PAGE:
The basic design of the WiC64 is straightforward: an ESP32 mounted on an adapter board that connects its data bus to that of the Commodore 64, 128 or VIC-20. A simple program, which you still need to transfer the old way, lets you configure the device and connect to a WiFi network. Once that’s done, an interactive BBS-style program is launched that allows you to access a range of online services. The WiC64 developers provide these, but since the system is fully open-source there’s nothing stopping you from running your own servers as well.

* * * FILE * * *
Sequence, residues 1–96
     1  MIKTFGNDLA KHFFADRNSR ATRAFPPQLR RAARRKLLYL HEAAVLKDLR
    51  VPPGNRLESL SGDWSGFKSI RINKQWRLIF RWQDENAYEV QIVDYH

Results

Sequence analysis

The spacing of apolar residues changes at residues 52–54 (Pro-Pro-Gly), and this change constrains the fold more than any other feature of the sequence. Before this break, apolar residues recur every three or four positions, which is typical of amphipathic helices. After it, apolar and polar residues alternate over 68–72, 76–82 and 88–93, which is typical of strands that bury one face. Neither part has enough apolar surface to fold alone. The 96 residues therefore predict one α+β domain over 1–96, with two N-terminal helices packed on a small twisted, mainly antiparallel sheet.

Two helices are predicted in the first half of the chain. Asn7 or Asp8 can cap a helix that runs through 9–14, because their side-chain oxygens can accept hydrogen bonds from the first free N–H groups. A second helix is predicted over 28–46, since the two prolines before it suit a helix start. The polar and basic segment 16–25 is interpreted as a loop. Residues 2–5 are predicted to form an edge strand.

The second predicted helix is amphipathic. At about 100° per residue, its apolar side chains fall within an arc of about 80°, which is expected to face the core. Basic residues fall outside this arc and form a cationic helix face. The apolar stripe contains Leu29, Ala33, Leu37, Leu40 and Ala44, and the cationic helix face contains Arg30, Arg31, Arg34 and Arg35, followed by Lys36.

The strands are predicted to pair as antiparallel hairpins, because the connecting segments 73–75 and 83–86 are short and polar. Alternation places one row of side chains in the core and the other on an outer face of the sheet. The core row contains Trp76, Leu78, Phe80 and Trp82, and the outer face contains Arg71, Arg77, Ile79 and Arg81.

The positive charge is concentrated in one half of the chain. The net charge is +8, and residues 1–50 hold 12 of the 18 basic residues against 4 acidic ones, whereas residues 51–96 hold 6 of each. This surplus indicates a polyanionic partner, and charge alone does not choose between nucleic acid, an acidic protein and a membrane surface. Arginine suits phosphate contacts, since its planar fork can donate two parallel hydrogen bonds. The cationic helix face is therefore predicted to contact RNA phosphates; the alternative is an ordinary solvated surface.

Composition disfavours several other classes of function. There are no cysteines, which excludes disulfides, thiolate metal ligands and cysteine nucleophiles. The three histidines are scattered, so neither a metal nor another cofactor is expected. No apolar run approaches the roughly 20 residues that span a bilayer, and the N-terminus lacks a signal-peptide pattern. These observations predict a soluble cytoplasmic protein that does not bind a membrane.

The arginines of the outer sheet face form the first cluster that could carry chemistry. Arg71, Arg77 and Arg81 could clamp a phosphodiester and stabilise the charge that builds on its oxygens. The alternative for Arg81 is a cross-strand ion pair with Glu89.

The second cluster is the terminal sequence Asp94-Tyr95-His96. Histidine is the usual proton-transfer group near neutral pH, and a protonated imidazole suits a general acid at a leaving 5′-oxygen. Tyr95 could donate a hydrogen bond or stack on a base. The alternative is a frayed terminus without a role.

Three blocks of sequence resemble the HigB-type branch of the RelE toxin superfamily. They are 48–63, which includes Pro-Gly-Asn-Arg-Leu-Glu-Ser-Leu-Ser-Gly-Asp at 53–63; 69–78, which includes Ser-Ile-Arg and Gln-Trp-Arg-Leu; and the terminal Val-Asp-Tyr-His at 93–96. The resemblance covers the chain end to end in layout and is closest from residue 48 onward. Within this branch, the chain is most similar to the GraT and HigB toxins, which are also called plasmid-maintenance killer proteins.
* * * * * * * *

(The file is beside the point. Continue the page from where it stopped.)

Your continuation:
A computing platform is never really dead unless people stop developing new software for it. By that measure, the Commodore 64 is alive and well: new games, demos, and utilities are still being released on a regular basis. Getting those new programs onto an old computer was always a bit of a hassle though, requiring either an SD card adapter for the Commodore or a direct cable connection from an internet-connected PC. Luckily, there’s now a simpler way to get your latest software updates thanks to a WiFi adapter called WiC64. This adapter plugs into the expansion port of a classic Commodore and lets you download programs directly into memory. [Tommy Ovesen] over at [Arctic Retro] bought one and explored its many features.